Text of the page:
The kids table.
That's right. In our earlier, formative years, we spend countless holidays, parties, and get-togethers, relegated to that loathsome table. Oh, how we long for the sweet day that we can ascend to the adult table, or at least the 'older kids' table. We want so badly to grow up. Yet, some of us whom long to be mature never move beyond the kids table. I am now speaking metaphorically. Time is not lost on us. Although, while we progress in numerical age, our minds and thoughts are still that of a child. It's never a good site when you see a teenager at the kids table. How much worse it is when a full-grown man has to sit at the kids table. So, let's talk about why there can be a 'failure to launch' that happens in our lives. From hence forth, I am speaking to those whom are found in Christ. If you profess Christ as Lord, then this is directed to you. If not, then please feel free to read along, but know I am not necessarily speaking to you.
There are certain concessions we must make when discussing the maturity of a Christian. Just as Paul is referring to in the above passage. He calls them "brothers" but could not address them as spiritual people. Being the great church planter that he was, Paul knew his audience. This passage is no way an indictment. Rather, it is an observation. One would not expect a newborn to be able to digest solid food while it's still nursing. That would be absurd! But infants need milk. An infant needs that sustenance to survive. This is why new Christians are not asked to write a dissertation on the the sovereignty of God. There must first be a firm foundation. [a] So, what about those whom are no longer infants? What about Christians who should be mature, but are not? What about the Christian whom is perfectly content suckling at the, proverbial, breast their entire walk with God?
I would argue that if you call yourself a Christian, and are perfectly content to never grow beyond an elementary view of God, then you may not actually be a Christian. You may disagree, and that's ok. But I would ask you to listen to the words of Jesus. Again, if we claim Christ, then we should listen to him, right? In Matthew, chapter 7, Jesus warns against false prophets. Contextually, you may make the argument that "Well, that's not talking about me." However, in describing a false prophet, Jesus says, "You will recognize them by their fruits." Bad trees can not bear good fruit, and good trees can not bear bad fruit. What about the tree that produces NO fruit? In John 15: 1-6, we see Jesus refer to those in him, and those that are not. If you're not bearing fruit, again, I would argue that you are not in Christ. Are you ok with that? If you are, then please stop reading. If Jesus's words won't stir you, then mine most certainly will not.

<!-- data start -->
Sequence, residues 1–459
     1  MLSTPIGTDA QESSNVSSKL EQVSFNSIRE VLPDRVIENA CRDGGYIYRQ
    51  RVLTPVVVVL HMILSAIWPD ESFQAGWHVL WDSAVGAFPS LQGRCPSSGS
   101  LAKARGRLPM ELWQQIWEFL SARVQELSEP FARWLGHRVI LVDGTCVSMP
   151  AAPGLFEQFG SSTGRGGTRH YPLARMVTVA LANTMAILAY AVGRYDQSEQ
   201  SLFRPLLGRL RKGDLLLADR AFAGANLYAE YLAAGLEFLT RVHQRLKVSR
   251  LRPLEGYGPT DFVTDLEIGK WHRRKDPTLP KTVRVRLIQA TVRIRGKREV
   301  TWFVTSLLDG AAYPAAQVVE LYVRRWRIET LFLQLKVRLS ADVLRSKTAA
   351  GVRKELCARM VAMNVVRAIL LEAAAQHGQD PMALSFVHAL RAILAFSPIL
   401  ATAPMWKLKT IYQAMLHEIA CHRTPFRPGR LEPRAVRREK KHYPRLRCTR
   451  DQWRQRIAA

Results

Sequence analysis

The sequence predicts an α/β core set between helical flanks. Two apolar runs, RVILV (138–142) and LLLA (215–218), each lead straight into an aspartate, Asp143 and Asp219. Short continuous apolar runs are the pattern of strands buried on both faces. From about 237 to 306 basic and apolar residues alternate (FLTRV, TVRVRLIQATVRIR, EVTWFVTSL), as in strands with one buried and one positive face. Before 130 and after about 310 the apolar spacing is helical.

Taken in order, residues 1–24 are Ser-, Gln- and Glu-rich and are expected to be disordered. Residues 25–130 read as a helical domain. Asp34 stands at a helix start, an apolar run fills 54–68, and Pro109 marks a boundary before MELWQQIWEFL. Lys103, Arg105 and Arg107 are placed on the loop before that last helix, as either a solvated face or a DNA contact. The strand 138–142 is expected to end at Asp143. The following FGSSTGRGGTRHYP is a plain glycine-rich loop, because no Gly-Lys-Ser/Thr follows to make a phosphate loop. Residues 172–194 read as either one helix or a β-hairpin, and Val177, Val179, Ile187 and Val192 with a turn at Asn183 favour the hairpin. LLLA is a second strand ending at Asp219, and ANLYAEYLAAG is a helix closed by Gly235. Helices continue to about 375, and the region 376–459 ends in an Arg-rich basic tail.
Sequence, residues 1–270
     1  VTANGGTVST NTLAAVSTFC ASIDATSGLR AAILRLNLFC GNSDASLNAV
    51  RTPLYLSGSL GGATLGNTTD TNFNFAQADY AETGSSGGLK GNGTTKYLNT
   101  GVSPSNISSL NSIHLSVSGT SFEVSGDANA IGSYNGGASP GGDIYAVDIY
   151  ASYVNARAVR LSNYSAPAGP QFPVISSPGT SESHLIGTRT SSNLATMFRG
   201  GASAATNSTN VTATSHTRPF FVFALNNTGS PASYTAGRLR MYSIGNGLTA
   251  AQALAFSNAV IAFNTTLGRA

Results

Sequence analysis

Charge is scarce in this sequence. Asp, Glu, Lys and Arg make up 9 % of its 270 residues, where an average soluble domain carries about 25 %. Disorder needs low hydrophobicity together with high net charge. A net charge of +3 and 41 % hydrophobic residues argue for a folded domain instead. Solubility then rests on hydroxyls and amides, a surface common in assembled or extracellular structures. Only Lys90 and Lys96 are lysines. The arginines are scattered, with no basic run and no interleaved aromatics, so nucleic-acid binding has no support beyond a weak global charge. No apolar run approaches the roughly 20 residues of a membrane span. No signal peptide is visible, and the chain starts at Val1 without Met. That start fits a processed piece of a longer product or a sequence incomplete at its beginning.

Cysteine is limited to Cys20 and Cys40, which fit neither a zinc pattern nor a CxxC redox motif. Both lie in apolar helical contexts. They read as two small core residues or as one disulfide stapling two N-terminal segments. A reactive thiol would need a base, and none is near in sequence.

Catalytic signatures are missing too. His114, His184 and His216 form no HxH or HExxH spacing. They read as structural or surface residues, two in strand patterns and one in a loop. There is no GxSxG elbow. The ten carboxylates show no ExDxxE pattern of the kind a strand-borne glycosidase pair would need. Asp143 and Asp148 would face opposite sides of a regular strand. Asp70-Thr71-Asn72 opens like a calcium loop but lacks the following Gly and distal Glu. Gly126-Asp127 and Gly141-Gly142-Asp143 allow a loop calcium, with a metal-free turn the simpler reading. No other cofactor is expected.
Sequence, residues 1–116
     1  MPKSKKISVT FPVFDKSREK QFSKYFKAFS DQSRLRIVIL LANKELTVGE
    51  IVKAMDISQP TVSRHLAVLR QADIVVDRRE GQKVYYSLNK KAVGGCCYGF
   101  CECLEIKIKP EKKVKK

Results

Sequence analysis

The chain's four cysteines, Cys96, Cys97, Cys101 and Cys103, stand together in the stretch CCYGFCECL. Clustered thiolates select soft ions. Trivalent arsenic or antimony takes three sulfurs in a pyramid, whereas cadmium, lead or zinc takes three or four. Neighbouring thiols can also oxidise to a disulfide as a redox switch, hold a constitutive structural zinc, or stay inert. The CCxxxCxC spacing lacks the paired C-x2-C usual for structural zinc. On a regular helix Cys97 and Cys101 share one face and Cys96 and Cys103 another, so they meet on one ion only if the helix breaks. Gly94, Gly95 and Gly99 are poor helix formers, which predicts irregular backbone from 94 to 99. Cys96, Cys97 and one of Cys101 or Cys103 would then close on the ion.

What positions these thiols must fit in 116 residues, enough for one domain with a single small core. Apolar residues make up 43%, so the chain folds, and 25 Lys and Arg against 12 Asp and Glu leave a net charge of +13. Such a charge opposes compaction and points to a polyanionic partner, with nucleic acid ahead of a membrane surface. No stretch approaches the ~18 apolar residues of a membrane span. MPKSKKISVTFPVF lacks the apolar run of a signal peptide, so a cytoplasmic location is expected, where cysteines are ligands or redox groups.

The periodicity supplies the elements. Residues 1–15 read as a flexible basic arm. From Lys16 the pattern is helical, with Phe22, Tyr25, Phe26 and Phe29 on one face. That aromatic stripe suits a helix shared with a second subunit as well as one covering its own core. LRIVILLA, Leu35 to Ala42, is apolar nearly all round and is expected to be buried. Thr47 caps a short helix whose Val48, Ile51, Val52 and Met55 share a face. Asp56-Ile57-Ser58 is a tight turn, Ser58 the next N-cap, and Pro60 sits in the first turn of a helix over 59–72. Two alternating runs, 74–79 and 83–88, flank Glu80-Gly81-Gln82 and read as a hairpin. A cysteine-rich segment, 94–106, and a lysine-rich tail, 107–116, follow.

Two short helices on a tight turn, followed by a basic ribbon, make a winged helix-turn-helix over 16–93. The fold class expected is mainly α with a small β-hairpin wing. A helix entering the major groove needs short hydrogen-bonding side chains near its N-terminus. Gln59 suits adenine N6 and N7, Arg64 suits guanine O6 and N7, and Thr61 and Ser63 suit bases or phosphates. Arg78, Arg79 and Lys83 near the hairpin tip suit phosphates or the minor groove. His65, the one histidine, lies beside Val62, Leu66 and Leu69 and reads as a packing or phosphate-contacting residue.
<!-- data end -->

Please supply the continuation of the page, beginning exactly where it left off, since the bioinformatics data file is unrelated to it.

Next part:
I wont drag this out. I say all this because a "Christian" being perpetual infant is offensive. Like a grown man breast-feeding, its a disgrace. There has been a shift, and common thread, for spiritual growth in our church and in my personal life. So, I would also like to make perfectly clear that I am in no calling to the mat a Christian that is currently working through the process of sanctification. If you are pursuing Christ, and striving to be more like Him, then I have no qualms. As stated in 2 Peter 3: 18, let us grow in our knowledge of our Lord.
Where do you fall on this paradigm? Are you diligently seeking the Lord, or are you contented to be an infant? If you are content to never grow, never seek, never mature, then I say, "Enjoy the kid's table. You look ridiculous!" Also, don't be surprised when you're treated like a child. When you think and reason like child, willingly mind you, then you'll be treated as such.
Be a perpetual student!
To you whom are seeking, keep it up! To those growing in the knowledge of God, don't stop. To those whom are maturing I say, "Welcome to the adult table!"
Rev. James D. Owens